South Korea announced on Thursday that it will join the Asian Infrastructure Investment Bank (AIIB) as one of its founding members, despite Washington’s opposition to the new multinational lender, reports the New York Times.

South Korea’s finance ministry said in a statement that becoming a member of the AIIB will help bolster the country’s influence in the international banking sector and help domestic firms secure deals in large-scale construction, telecommunications, transportation and other regional infrastructure projects.

Seoul’s decision comes a week after developed European economies France, Germany and Italy announced that they will be joining Britain in seeking membership. Australia is also expected to follow suit. More than 20 countries have said that they plan to become AIIB members.

China has already pledged to foot the bulk of the initial $50 billion needed to get the bank running, with donations from other members expected to increase the overall fund to more than $100 billion.

However, the United States has expressed doubts about the proposed multinational lender, which Washington sees a threat to the Wold Bank. The Obama administration has also raised concerns about the China-led institution meeting the rigorous standards of governance and transparency in enforcing environmental and labor standards.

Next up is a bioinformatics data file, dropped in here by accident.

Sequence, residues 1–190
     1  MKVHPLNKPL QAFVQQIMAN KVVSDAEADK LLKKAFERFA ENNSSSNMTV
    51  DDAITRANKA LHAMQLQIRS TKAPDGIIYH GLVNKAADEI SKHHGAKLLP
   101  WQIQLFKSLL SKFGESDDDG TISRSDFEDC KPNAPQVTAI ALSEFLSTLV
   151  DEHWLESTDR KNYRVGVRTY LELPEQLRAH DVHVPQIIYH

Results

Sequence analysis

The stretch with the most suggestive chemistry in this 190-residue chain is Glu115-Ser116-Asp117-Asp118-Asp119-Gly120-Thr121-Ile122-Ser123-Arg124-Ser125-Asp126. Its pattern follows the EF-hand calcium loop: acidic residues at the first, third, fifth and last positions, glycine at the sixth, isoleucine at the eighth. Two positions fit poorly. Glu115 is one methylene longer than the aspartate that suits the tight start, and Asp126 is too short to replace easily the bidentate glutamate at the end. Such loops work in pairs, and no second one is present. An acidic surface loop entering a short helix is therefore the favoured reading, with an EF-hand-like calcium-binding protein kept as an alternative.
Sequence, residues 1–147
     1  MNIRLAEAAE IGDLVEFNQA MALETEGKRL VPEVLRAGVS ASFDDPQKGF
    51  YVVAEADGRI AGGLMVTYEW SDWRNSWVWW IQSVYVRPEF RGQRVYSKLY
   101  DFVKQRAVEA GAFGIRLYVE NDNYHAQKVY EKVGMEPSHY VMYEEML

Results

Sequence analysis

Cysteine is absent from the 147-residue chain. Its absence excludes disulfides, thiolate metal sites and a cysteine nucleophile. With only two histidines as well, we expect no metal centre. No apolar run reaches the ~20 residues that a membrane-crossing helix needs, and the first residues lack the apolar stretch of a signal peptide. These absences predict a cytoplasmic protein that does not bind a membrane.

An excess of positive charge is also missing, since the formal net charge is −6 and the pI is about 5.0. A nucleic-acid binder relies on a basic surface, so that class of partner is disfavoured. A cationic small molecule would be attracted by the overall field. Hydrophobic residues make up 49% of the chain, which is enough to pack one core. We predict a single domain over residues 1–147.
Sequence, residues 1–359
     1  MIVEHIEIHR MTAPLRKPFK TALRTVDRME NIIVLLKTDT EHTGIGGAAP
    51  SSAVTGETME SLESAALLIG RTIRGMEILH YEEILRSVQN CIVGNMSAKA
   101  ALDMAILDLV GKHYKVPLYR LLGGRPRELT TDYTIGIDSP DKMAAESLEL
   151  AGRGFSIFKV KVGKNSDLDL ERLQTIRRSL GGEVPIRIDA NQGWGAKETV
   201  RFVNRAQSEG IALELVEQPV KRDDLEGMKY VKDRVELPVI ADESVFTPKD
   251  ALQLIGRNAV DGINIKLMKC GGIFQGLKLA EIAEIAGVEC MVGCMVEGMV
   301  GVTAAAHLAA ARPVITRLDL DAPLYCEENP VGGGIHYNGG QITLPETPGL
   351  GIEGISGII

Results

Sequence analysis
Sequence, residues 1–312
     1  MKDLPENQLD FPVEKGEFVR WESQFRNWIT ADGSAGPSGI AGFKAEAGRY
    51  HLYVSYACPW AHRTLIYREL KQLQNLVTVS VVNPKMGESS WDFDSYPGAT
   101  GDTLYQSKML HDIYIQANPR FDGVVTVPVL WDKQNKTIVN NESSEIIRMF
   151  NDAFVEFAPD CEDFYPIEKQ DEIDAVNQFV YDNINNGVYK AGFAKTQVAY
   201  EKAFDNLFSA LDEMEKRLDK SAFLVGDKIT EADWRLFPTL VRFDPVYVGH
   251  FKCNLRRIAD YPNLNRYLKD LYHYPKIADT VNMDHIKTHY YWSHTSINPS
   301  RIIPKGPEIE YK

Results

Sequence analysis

Critics claim that Washington is simply opposing the AIIB because it is afraid that the new bank will undermine institutions like the International Monetary Fund (IMF) and the World Bank, where the U.S. wields great influence.

The question of joining the bank had also forced South Korea to delicately balance its ties with the U.S, its primary military ally, and China, its largest trading partner.

According to the Yonhap, AIIB participants have agreed that voting rights should commensurate with the amount of donations made, with Asian countries receiving 75 percent of voting rights and the rest going to countries outside of Asia.


Featured image by Takaki Yajima/Reuters

Subscribe to our daily newsletter


Defector Kills 4 People in China After Fleeing North Korea

by STEVE HAN | @steve_han

A North Korean army deserter allegedly shot and killed four elderly residents as well as robbed a villager’s home in the border town of Nanping, China after escaping his country, according to local media reports.

The alleged killings reportedly took place on Dec. 28 at a village near the Tumen River, an area that has been used as an escape route for North Korean defectors for decades. The soldier was later arrested by the Chinese authorities, and it is unlikely he will be repatriated to North Korea given the severity of his crimes.

China is a common route for many North Korean defectors as they often cross into a third country before seeking asylum at the nearest South Korean embassy. The defectors caught by the Chinese authorities are often sent back to North Korea, where they would likely suffer cruel punishments in prison camps.

Since the killings, China has lodged a formal diplomatic complaint with North Korea, according to the country’s Foreign Ministry spokeswoman Hua Chunying.

“China’s public security bureau will handle the case according to law,” Hua said, hinting that the army deserter will be prosecuted in China.